One of the most difficult questions to answer is – “How do you know”? This is because it challenges both the logic behind your thinking and the quality of information on which you based your statement or opinion. Is it possible you have taken reliable information and put it together in the wrong way or is the evidence supporting your argument questionable?

Saying something with confidence will lead people to believe that what you are saying is true but without real evidence it is still only an opinion.

The so called scientific method which introduced us to the idea of gathering evidence cannot be attributed to one individual, the high-profile contributors include Aristotle, Ibn al-Haytham, Descartes and Newton. It was clearly an organic process that Newton eloquently described as standing upon the shoulder of giants.

Regardless of the originator, the scientific method has changed the way we think and shaped much of the modern world, from discoveries in medicine, putting a man on the moon and the creation of the internet. But……Not Learning.

Learning science

Although still a relatively new field there are a group of individuals who include cognitive and computer scientists, linguists and educational phycologists who collectively call themselves Learning Scientists. By gathering evidence in the form of data about how students learn they have been able to draw conclusions that are “evidence based”. What can be proven and what cannot. For both students and teachers their findings should be essential reading.

One important point, this does not in any way detract from what a good teacher does, no more than offering advice to doctors on the evidence supporting the success of a new drug.

The top 6 evidence-based study techniques

1. Spaced practice (distributed)

Spaced practice is the exact opposite of cramming, you are effectively taking the same amount of time to study, just doing it over a longer period of time. The evidence shows that if you revisit what you have studied over time it boosts what is called your retrieval and storage strength but if you study in a short period of time, your retrieval strength improves but your storage strength reduces. One implication is that cramming can work but only if you want to retain information for a short period of time, to pass an exam for example. As such it is understandable why students do this, because they have proved in the past it was successful.  If, however you need that information for the next level of study, you may need to learn it all over again!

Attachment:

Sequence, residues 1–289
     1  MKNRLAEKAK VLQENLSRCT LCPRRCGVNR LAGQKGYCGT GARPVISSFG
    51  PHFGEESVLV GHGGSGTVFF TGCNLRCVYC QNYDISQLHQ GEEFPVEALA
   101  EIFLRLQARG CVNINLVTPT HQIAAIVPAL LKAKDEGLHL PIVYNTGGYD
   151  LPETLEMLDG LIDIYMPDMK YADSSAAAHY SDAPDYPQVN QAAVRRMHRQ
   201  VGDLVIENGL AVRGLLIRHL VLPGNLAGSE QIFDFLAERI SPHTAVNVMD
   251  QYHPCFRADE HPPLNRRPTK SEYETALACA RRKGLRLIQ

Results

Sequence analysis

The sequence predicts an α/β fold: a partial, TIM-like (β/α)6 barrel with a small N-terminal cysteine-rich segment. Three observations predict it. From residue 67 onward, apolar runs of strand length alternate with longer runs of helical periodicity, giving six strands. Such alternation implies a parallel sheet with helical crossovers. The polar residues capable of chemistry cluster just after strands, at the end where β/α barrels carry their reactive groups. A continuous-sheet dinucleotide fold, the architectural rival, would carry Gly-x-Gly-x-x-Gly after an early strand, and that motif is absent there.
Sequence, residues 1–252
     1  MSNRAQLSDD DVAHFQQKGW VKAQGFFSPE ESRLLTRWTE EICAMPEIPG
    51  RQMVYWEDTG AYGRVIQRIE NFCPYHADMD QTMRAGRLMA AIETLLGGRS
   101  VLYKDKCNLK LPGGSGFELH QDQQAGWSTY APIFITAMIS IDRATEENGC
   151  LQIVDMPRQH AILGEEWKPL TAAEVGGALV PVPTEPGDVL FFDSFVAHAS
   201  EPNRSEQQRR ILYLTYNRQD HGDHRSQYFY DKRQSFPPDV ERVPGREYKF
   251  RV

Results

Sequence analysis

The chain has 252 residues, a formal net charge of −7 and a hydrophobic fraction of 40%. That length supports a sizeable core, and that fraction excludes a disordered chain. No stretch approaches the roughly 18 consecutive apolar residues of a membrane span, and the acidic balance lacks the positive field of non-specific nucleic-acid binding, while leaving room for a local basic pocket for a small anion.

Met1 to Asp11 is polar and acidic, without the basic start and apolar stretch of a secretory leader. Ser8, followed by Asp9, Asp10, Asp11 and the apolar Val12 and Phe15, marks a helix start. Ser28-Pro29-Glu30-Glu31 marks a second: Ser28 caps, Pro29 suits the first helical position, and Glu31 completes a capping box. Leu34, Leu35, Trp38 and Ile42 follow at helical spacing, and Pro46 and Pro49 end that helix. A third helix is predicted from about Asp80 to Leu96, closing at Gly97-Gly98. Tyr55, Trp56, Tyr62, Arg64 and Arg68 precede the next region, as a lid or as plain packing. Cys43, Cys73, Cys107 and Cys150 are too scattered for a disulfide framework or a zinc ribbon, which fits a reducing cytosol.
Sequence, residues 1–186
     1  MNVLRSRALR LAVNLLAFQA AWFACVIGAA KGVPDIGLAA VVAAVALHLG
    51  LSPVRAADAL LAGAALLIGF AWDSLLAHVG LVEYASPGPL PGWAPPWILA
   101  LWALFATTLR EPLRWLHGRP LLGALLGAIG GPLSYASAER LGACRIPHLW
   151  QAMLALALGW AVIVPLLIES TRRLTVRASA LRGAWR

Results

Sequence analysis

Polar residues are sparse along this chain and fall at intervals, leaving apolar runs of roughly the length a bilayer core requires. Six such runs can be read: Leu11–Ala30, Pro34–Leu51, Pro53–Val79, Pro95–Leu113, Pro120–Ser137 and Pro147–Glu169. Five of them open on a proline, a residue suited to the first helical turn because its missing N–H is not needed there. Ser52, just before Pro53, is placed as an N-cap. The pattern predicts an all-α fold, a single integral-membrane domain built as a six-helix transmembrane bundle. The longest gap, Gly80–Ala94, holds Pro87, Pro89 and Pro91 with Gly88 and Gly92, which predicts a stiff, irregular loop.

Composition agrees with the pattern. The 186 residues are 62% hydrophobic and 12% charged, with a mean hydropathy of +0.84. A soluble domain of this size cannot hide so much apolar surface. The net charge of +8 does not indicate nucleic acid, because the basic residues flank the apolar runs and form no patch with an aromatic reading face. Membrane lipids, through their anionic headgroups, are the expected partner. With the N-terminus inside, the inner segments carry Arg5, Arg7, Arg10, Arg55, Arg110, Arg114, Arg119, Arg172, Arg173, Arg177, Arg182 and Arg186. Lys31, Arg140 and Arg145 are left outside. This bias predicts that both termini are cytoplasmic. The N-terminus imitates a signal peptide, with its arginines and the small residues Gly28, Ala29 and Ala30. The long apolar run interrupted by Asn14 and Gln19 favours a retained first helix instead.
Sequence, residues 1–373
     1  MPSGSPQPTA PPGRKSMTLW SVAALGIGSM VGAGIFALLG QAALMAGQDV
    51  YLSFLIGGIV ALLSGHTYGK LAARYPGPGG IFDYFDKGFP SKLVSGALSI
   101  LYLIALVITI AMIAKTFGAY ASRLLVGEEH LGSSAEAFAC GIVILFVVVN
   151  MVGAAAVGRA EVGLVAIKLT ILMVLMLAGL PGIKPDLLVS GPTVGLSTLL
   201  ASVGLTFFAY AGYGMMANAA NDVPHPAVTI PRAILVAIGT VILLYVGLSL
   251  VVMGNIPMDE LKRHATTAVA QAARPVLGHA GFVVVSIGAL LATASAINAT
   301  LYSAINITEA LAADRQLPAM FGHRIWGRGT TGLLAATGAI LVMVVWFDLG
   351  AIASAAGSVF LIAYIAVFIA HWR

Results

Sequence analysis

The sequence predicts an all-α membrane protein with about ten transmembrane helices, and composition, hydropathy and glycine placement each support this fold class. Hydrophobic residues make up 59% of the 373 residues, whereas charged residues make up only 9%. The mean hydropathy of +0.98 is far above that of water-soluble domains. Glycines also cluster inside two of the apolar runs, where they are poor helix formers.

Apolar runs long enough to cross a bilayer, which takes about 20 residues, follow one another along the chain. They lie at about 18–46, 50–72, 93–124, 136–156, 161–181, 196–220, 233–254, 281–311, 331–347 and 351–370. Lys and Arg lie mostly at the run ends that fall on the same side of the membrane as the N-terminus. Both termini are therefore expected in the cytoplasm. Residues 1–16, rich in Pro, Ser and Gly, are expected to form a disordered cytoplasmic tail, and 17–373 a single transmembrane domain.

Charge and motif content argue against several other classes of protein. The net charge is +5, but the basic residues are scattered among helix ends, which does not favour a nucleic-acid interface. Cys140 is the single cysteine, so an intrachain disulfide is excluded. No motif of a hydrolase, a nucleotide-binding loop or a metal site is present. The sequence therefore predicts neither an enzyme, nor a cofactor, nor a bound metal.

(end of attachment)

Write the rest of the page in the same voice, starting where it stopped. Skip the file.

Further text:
“The effect is simple: the same amount of repeated studying of the same information spaced out over time will lead to greater retention of that information in the long run, compared with repeated studying of the same information for the same amount of time in one study session.”

Watch this video, it’s an excellent summary.

2. Interleaving

Interleaving is simply studying different subjects or topics as opposed to studying one topic very thoroughly before moving to the next, this latter process is called blocking. However as with spaced practice students might find it harder (see desirable difficulty) because interleaving involves retrieval practice and is more difficult than blocked practice, but the knowledge is retained for far longer. One proven technique is for students to alternate between attempting a problem and viewing a worked example. This is much better than attempting to answer one question after another. Its simply about switching activity.